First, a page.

Garlic Drench Time

Well it is that time of year again, Valentines day, February 14th and it is time to start drenching Garlic into the pots to give you that head start for the year.
Why do we do this? Well by starting the process now it affects the eggs of slugs and snails that are in the pots and any that come into contact with the solution will not develop. Also the small black slugs that are in the pot’s soil tend to die. So by doing the drench it gives you a month or so’s head start on the season and you only have to contend with the slug/snail population that is elsewhere in yours and your neighbours gardens.
When we do the drenching we make a stronger/double solution to ensure that we thoroughly drench the pots.
Note of Caution: Never buy your garlic mixture, always make it yourself and dispose of and make fresh every 2 to 3 months. Your mixture can go off and it looses its garlic smell and becomes quite rancid! The other reason for not keeping your mixture for too long is that it can develop botulinum which can be very nasty, so always wash your hands.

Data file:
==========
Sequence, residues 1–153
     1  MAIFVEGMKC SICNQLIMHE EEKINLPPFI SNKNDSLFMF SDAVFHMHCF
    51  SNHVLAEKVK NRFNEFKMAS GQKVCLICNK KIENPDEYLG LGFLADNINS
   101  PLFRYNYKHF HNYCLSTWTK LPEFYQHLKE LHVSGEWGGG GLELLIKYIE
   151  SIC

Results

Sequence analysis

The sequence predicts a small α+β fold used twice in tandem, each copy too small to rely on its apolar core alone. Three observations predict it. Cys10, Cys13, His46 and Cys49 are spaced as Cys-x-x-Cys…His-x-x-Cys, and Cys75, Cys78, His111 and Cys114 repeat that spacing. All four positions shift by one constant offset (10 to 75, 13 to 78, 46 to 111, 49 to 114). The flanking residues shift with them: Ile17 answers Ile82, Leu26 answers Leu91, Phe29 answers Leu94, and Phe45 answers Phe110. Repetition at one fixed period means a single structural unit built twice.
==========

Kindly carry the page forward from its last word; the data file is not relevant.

How we make our Garlic.
We take 1 to 2 garlic bulbs (not cloves, but whole bulbs) This amount varies dependent on your bulb size and strength.
Cut horizontally across the middle to expose the garlic, place in a pan of water with 1 to 2 litres of water, crush and boil for 10 to 15 minutes or until it stinks the house out. You can’t over cook it and again garlic varies in strength.
Let the mixture cool.
Sieve the mixture to take the bits out and put it in a bottle.
For normal spraying mix we take about 4 table spoons to a gallon of water and spray on the leaves and soil to deter slugs and snails.
When we drench into the pots as we are doing at present we use about 6 to 8 table spoons to the gallon.
We repeat this process every week to 10 days.
Once the Hostas are in leaf we change from drenching to spraying. Remember if it rains you have to do it again, can get quite busy, but with the larger sprayers it doesn’t take too long. We tend to use 5 litre sprayers so hence the gallon amount.
Last little piece of advice, this also works on other plants that are attractive to slugs and snails, such as dahlias and delphiniums.